Human Rights Must Be Part of Trade Talks, Say Canadian MPs

November 8, 2014 Updated: November 8, 2014

OTTAWA—Prime Minister Stephen Harper is scheduled to meet with Chinese leader Xi Jinping on Sunday, Nov. 9. It will be the first official meeting between the two leaders since Xi took power.

Harper’s trip has so far mainly focused on increasing trade between the two countries.

Back home, the NDP and Amnesty International are among those who have levelled clear calls to the PM to raise human rights concerns with Xi.

NDP Human Rights Critic Wayne Marston said there is talk about trade relationships with China around the world, but the issue of human rights has not been emphasized, including the forced harvesting of organs from prisoners of conscience to supply a gruesome trade in human organs.

“There are all kinds of situations in China that concern us, from Uyghurs to Falun Gong to organ harvesting. All those should be topics of conversation when they meet privately,” said Marston of meetings between Harper and Xi.


“It is clearly an important issue of human rights that needs to be articulated,” noted NDP Foreign Affairs Critic Paul Dewar, speaking on Parliament Hill while hundreds of Falun Gong adherents were gathered outside on the lawn Nov. 4, a day before the PM left on his trip to China. 

“That is something that should be part of PM’s briefings when he is speaking to the leadership in China, because human rights and diplomatic relationship go hand in hand,” Dewar said.

“Canada and China’s relationship matter to both countries and that relationship must be grounded in human rights,” said Alex Neve, Secretary General of Amnesty International Canada, at a press conference on Parliament Hill on Nov. 6.

According to Neve, there have always been challenges to being strong on human rights, amid worries that Canada will suffer on the trade front, and now there are concerns surrounding espionage and cyber security.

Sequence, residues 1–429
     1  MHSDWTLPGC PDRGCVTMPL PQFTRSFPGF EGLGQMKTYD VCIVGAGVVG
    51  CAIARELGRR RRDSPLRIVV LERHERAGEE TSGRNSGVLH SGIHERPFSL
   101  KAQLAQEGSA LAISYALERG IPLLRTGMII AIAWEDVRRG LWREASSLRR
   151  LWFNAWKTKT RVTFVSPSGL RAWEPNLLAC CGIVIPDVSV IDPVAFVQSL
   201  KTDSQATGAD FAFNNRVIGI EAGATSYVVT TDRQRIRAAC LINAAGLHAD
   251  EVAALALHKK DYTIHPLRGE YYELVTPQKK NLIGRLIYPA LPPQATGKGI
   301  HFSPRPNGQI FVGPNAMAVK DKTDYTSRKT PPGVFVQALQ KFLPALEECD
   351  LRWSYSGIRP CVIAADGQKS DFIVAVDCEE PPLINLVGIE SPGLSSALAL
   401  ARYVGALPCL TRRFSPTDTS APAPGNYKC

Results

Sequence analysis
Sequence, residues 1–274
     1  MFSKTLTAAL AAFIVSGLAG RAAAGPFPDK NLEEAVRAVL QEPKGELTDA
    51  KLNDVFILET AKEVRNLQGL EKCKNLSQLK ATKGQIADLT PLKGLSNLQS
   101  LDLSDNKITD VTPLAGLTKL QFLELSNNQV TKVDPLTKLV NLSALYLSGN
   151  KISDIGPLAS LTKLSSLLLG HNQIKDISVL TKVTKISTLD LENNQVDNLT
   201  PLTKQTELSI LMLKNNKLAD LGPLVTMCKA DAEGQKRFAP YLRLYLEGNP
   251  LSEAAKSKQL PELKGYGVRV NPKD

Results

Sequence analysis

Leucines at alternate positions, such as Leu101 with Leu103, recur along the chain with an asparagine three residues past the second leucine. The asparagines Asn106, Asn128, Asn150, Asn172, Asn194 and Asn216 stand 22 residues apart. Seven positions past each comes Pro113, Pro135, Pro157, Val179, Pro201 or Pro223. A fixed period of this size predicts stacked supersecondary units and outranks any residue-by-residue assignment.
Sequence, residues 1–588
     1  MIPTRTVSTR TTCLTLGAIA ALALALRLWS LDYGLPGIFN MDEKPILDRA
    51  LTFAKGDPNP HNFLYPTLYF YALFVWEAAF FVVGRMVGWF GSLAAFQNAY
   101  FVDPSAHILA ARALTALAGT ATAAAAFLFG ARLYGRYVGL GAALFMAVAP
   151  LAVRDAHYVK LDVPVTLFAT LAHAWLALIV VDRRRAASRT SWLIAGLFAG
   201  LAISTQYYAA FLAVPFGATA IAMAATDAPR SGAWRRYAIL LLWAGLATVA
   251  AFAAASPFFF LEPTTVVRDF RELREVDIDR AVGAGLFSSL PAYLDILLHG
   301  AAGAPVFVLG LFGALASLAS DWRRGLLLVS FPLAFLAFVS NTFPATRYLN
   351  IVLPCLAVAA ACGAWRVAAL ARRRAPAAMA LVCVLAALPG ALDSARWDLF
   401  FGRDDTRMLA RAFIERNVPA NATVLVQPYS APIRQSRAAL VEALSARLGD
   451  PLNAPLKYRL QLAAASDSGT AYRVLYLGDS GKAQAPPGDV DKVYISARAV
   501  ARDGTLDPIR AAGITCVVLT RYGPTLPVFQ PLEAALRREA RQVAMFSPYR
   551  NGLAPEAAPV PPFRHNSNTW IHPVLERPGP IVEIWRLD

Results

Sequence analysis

“None of that can ever serve as a reason to go soft on or ignore or overlook human rights concerns,” Neve said. 

“It may mean there are new challenges in which those human rights concerns arise, but still the need to be very forceful and strong.”

Neve pointed out that there should be a blend of private talk and “clear and unwavering consistent statements publicly that will maintain the pressure.”

Green Party leader Elizabeth May urged Harper to speak out for human rights and religious freedom and to deal with the issue of organ harvesting.

“The stories of organ harvesting from Falun Gong—Falun Dafa—and other political prisoners of the People’s Republic of China are devastatingly cruel and horrible to imagine,” said May.

She said the Green Party believes “it is a matter of fundamental morality not to allow trade to be more important than the protection of human lives and human rights anywhere in the world.”

Late last month Immigration Minister Chris Alexander told a human rights round table that Canada would continue to call for the rights and freedoms of persecuted groups like Christians, democracy activists, Falun Gong adherents, Tibetans and Uyghurs. 

He said the recent arrest of Kevin and Julia Garratt, two Christians arrested on accusations of spying but held without charges, had galvanized the government’s policy.

“I don’t think there is any case to illustrate our frustration in speaking these issues to China as clearly as the Garratt case,” he said.